Wednesday, September 23, 2009

Hannah and Her Sisters (1986)

I finally got around to watching one of the many films I have blind bought at a local dollar store, which offers some good movies for only $3 a pop. For example, I've bought Anna Christie, Ninotchka, Queen Christina, Capote, Gosford Park, Funny Girl, A Man for All Seasons, My Man Godfrey, Cimarron, and Grand Hotel. The only problem is finding time to watch all of them, but hopefully with this Woody Allen classic, I'll start a habit of tackling the massive venture before me.

Anyway, Hannah and Her Sisters is the story of Hannah (Mia Farrow) and (surprise) her sisters Lee (Barbara Hershey) and Holly (Diane Weist), as well as Hannah's husband Elliot who is in love with Lee, and Hannah's ex-husband Mickey (Woody Allen). The film itself is presented in a vignette style, without a real concrete plot (besides Elliot's love of Lee and Mickey's existential crisis) going throughout the film, instead we are treated to small glimpses into the lives of these three people. Hannah is the backbone of the family, a woman enjoying her life as a mother, wife and occasional actress, she is independent and strong, which unfortunately, causes her family to resent her. Lee is the more emotional, down-to-earth sister, who is in a 5 year relationship with Frederick (Max Von Sydow), an artist who's distaste for people has caused him to practically withdraw from the world, with Lee as his only link to the outside. Holly is the flighty sister, venturing from one vocation to another, she's an actress, a singer, a caterer, a writer, and she's also a former drug addict. She's lonely and Dianne Weist totally breaks your heart as she wishes to somehow obtain what Hannah has secured for herself.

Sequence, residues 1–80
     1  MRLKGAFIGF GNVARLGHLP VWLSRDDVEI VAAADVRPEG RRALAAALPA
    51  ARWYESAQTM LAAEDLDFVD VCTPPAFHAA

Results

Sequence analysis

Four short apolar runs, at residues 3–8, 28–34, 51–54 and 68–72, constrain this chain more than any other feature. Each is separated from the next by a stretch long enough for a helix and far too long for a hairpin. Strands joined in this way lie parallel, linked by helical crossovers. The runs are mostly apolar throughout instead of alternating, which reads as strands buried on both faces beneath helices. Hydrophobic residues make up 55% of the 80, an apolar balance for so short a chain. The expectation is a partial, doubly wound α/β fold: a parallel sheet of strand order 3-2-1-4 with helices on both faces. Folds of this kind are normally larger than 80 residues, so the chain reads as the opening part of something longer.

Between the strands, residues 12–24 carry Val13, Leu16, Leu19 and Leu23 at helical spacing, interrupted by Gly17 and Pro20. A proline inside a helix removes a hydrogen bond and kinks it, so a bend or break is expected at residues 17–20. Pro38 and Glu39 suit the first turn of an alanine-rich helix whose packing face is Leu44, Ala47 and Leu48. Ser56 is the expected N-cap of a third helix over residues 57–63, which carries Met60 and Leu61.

There's also Elliot, Hannah's second husband who has a burning love for Lee, wanting to hold her and "protect her" and watching his clumsy flirtations with his wife's sister is both funny, sad, and awkward. As is Mickey's crisis of faith. After hearing loss in one ear causes a doctor to suspect a brain tumor, Mickey begins a quest to try and find God, determining that he does not want to live in a world with a "Maybe".

The acting in the film is great, with Michael Caine and Dianne Weist giving Oscar-winning performances. So while I don't need to speak much about them, since they deserved the awards. which speak for themselves, I want to talk about Mia Farrow and Barbara Hershey. Mia Farrow is given the thankless role of Hannah, which she excels in, exuding strength and calm. It's easily the least showy part of the film, and Farrow allows herself to become an emotional center to the film and her presence is felt throughout the entire film.

Barbara Hershey has one great scene in this movie, I'm not saying it's because she isn't good, it's because her character is mostly relegated to being the "straight" person, people get to be neurotic and flighty around her without her getting a chance to do much of anything. But in the scene where she breaks up with her boyfriend, she allows herself to be full of guilt and sorrow, leaving a man who needs her and without her will be sentenced to a life on the outside of the human race.

The script is touching and funny, it's never "hilarious", but it's something that can make you chuckle at the humanity and flaws of its characters. Allen is a master at blending sincere humanity with humor and he does it again here, creating realistic people who act like adults, never sacrificing characters for plot or comedy. It's a brilliant script.

The film is something I heartily recommend, especially for those who enjoy Allen's other films like Annie Hall. And for everyone else, it's a touching, human comedy that has become an 80's classic (for the right reasons).

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